The following are the principal buildings in the District.
Political Agent’s house (Sibi)———
Post Office (Sibi)————————-
Telegraph Office (Sibi)——————
Tahsil and Thana (Sibi)—————–
Civil Hospital (Sibi)———————-
Tahsil and Thana (Shahrig)————
Agent to the Governor-General
Circuit house (Sibi)———————-
Police Lines (Sibi)————————
Political Agent’s house (Ziarat)——
Agent to the Governor General
House (Ziarat) —————————
Levy post and Police Line (Shahrig)-
Political Agent’s Office (Sibi)———
Levy Lines (Sibi)————————–
Political Agent’s Office (Ziarat)——
Victoria Memorial Hall (Sibi)———
Agent to Governor General’s
Sibi City of province Baluchistan, Pakistan.
Sibi District Map
Sibi Army Post 1880
If it is winters elsewhere in Pakistan and you happen to be visiting Sibi in Balochistan province of Pakistan, beware then as you will be entering the “hot spot” of Pakistan where temperature crosses 50 degrees Celsius in summer and may not be better even during winters. The Jigra Hall is now converted into a museum. It has a collection of pieces found at the archaeological sites of Mehrgarh, Nasshero and Safi Pirak.
Governor House Sibi
Western Tourists Wait At Bus Stand In Sibi Balochistan 1975
Sibi district channel model
Sibi District Tehsils
Sibi city buildings
Model high school Sibi
Sibi district circles
Settlement Report Sibi 1904
Until the end of the 15th century the district had been a dependency of Multan and had been part of Ghaznavid Empire ruled by petty chief named Nasiruddin Kubacha Around 1500 it was taken by Shah Beg of the Arghun Dynasty and so came under the control of Kandahar. However during the period of Mughal rule the territory was once again ruled from Multan. In 1714 the territory was conquered by the Kalhoras of Sindh, but they were then displaced by the Durranis. During the rule of the Durranis the local governors were generally selected from the Barozai clan of the Panni Afghans. In the 19th century it fell under Marris and Bugtis hand. To finish rebellion in the area, the British signed the Treaty of Gandamak (considered one of the most humiliating ever signed by an Afghan ruler making the Afghan Amir virtually a feudatory of the British Crown ) in 1879.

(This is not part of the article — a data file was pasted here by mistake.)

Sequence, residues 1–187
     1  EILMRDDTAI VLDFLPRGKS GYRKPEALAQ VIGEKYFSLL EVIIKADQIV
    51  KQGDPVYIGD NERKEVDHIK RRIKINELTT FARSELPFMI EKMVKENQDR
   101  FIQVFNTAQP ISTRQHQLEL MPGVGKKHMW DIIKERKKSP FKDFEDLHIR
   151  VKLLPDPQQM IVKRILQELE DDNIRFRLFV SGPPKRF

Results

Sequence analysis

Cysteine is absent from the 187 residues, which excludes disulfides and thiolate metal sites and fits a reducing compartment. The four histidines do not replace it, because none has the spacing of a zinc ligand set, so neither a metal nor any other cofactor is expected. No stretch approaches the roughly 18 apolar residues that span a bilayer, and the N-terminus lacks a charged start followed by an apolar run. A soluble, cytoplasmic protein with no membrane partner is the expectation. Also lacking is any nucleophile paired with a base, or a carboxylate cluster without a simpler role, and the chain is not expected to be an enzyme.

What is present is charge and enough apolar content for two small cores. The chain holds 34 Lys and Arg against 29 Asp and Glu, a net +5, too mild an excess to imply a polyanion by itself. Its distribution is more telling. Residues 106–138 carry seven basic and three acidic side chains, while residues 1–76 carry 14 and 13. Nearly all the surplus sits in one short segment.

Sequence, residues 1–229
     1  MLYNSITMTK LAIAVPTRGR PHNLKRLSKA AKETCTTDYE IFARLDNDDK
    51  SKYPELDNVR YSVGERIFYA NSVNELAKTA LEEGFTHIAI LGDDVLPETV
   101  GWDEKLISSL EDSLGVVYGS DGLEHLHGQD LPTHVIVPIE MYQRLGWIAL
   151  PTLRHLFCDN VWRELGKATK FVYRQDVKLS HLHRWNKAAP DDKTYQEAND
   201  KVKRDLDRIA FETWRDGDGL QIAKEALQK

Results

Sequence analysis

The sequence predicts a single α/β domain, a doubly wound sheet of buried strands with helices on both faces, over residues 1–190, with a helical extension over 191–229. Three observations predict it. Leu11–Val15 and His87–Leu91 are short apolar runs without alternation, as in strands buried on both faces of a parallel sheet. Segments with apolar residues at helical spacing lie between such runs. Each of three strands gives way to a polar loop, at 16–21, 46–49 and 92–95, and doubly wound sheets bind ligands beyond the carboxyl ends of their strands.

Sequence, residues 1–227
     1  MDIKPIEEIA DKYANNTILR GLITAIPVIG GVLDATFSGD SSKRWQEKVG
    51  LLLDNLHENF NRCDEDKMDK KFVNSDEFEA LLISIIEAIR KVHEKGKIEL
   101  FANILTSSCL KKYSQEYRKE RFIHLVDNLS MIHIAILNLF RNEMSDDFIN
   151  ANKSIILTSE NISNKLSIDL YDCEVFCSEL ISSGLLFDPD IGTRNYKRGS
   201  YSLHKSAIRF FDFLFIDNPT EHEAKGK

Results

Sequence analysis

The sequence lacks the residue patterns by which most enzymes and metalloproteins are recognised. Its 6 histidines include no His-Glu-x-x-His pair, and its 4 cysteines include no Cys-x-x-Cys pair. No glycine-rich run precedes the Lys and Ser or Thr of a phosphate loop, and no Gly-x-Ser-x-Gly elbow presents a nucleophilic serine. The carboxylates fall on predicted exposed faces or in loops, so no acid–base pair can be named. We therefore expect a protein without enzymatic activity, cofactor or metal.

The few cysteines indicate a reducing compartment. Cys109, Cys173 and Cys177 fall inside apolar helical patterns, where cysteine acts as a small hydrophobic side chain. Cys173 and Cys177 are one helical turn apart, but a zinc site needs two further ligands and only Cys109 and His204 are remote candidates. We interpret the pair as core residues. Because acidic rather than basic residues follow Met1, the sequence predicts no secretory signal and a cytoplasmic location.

Jirga Hall Auditorium
The district of Sibi was established in 1903 during British Rule its area was larger than the current district lying south of Loralai District, north of the Upper Sind Frontier District, west of Dera Ghazi Khan District and east of Kachhi, Bolan Pass and Quetta- Pishin. The total area of the district was 11,281 square miles (29,220 km2), but this included Marri Bugti county (7,129 square miles) which not directly administered by the British, leaving 4,152 square miles (10,750 km2) that were directly administered by the British. 1n 1974 the district was subdivided to create Naseerabad and Kohlu districts, in 1983 Dera Bugti District, and in 1986 Ziarat District. Until 2000, except for Naseerabad, these new districts were part of Sibi Division of Pakistan. In 2000 the third-tier “divisions” structure of government was dissolved. Today Sibi district has two sub-divisions, Sibi and Harnai, which are further organized into tehsils and sub-tehsils: Sibi, Harnai, Kutmandi and Sangan. The population of Sibi district is estimated to be over 250,000 in 2005. Over 99% of its inhabitants are Muslims. The major tribes of Sibi are Marri, Barozai and Khajjak.
Sibi is on the western edge of Pakistan and is well connected with the country by a wide network of roads, railways and airways. Sibi Railway Station is junction railway station. The railway track was lined in 1890s during the British era to link Sibi with rest of the country. The routes are Sibi from linked with Lahore, Karachi, Peshawar, Rawalpindi, Quetta, Multan, Faisalabad, Hyderabad, Rohri, Sukkur, Bahawalpur, Dera Ghazi Khan, Kot Adu, Gujrat, Jacobabad, Gujranwala, Khanewal, Nawabshah, Attock, Jhelum, and Nowshera.